Cheap Flights
Text size +

Archive for March, 2008

The red elephants of Tsavo East

Monday, March 31st, 2008

Made famous by the Man-Eating Lions of Tsavo, Tsavo East National Park is an impressive swath of land, where lions, cheetah, giraffe and the red elephant roam. See the red elephant and numerous other animals on this sunset safari in today’s photo gallery.

Walking the streets of Mombasa

Sunday, March 30th, 2008

Situated along Kenya’s Indian Ocean seaboard, Mombasa’s prime location and calm waters made this island a much coveted city. In Kiswahili the town earned the name Kisiwa Cha Mvita – the “Island of War” – because of the numerous forceful land grabs made over its long history.   The influence of numerous cultures washing up on its shores, including the Portugese, Arabs, and Indians, all combined with the local East African flair, provides for a spectacularly enchanting place. Walk the streets of Mombasa in today’s photo gallery.

Mombasa’s beaches

Saturday, March 29th, 2008

After a few days exploring Kenya’s capital and central business hub, Nairobi, we decided to head via an overnight train to Mombasa, Kenya’s largest port city on the Indian Ocean. There the waters are warm, the waves calm and interesting scenes abound. See more photo’s from today’s exploration of Mombasa’s beaches in today’s photo gallery. 


Friday, March 28th, 2008

Braving a fierce down pour, we made our way to the Nairobi Railway Station to catch an overnight train to Mombasa, Kenya’s bustling port city on the Indian Ocean. Hop on the train and head to Mombassa in today’s photo gallery.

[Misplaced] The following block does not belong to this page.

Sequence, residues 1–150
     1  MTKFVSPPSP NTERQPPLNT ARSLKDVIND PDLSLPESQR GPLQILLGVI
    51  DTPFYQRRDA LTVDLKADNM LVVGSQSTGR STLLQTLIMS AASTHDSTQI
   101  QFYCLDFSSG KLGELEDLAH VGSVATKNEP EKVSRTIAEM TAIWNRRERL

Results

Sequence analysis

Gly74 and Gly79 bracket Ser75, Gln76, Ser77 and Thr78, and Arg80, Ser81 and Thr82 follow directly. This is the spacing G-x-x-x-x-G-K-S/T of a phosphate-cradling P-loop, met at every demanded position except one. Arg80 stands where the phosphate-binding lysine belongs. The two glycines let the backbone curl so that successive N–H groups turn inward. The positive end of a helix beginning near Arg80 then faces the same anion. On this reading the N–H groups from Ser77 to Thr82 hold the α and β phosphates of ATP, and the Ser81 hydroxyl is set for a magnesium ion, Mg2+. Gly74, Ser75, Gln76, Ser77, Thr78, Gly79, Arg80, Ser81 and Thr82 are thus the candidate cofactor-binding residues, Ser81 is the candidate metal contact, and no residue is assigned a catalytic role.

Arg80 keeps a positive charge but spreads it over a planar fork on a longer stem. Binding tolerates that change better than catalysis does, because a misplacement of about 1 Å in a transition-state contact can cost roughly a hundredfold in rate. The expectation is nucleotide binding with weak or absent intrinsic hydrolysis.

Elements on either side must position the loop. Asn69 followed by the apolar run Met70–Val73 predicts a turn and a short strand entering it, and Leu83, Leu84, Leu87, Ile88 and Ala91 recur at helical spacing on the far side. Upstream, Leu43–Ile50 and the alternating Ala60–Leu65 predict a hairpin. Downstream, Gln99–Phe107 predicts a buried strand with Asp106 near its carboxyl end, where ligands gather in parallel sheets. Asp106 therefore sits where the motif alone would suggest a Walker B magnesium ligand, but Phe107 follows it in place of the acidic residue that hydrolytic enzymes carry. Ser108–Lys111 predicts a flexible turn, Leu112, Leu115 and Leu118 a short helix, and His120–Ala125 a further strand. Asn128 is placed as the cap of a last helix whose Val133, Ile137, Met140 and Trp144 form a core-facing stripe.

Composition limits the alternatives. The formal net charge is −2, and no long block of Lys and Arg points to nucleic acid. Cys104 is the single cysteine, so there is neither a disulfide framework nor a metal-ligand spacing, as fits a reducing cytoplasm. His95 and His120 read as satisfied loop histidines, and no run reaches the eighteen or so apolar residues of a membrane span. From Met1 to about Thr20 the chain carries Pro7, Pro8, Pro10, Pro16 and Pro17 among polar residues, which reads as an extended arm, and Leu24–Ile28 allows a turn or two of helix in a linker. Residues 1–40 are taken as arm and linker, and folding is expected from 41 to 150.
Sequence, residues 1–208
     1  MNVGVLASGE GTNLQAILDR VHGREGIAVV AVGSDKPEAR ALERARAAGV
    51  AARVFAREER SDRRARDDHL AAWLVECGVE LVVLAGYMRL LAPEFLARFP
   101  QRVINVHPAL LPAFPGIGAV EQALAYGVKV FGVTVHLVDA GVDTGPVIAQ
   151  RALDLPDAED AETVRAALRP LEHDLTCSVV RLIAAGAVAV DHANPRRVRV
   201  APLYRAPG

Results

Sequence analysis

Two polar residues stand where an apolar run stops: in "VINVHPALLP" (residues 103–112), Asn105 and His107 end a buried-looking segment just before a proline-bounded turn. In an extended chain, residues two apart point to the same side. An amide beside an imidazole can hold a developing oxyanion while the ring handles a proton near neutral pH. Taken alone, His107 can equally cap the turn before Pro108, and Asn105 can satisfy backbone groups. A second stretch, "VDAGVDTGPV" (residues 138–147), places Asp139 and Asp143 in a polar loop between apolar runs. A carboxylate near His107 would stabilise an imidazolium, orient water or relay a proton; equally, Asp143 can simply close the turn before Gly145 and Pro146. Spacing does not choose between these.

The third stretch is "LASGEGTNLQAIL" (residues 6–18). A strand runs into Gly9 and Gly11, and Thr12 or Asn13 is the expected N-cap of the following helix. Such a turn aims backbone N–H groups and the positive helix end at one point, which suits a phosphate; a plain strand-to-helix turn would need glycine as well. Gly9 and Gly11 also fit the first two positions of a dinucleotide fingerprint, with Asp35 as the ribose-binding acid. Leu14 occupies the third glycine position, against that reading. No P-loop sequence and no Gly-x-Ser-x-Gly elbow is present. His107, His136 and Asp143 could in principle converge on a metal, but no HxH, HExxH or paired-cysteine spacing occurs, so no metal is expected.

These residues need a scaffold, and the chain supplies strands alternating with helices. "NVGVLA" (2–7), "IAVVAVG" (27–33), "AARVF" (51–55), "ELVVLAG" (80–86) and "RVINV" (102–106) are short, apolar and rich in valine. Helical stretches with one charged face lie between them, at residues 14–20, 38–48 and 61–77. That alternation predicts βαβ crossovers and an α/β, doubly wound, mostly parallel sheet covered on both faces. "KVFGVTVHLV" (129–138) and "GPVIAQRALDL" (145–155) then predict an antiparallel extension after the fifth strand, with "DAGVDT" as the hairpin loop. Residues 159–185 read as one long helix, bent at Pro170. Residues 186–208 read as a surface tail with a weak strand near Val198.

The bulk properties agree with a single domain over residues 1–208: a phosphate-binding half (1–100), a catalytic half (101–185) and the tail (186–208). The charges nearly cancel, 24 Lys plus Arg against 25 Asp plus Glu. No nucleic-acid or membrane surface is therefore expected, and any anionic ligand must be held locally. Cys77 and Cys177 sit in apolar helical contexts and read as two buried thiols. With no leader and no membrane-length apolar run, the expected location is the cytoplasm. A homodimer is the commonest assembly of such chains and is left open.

Urban safari: Nairobi National Park

Thursday, March 27th, 2008

Stunning in both its concentration of wildlife and proximity to the bustling streets of the city, Nairobi National Park is a spectacular introduction to Kenya. Hitting the road just before six in the morning, we rushed to the park in Benard’s uncle’s matatu minivan, a mere 20 minutes from the center, to catch the animals at the prime viewing period in the morning. Catch giraffes, impalas, rhino, monkeys and zebras in today’s photo gallery.

Kenya burning

Wednesday, March 26th, 2008

A world of change can happen in three months. For those keeping score, we wavered quite a bit about if we should indeed head to Kenya. Once a mark of stability in a continent known for anything but, the East African nation disintegrated into deadly tribal strife after contested presidential elections late last year. By the time we were packing our bags, we were pretty sure that Kenya was off the itinerary. A month and a half later, things had settled and we cautiously looked into visiting the nation once again.

Ultimately, it was the blessing of Jon Rosen that gave us the confidence to buy our tickets. Rosen, a childhood friend of ours and a former teacher in Kenya, continues to maintain strong contacts with the Kenyan running scene and has a good hand on the local pulse. Currently a master’s student at Johns Hopkins School of International Studies in Bologna, Italy (a future destination on the Jaunt), Rosen recently wrote the following piece that masterfully breaks down the recent, and unstable situation in Kenya. -T.A.


For someone with a deep personal connection to Kenya and its people, the presidential and parliamentary elections of last December 27th had long been marked on my calendar. On that day, opinion polls showed, Raila Odinga, a youthful populist who preached a message of ethnic harmonization, stood a fair chance of upending the aging incumbent Mwai Kibaki.

Elected five years prior on a pledge to curb the country’s longstanding history of corruption, Kibaki was nonetheless accused of reverting to the ways of his forefathers: endorsing tribal favoritism, widening the gap between the country’s elite upper-class and its impoverished masses, and turning his back on various episodes of high-level plundering of state coffers.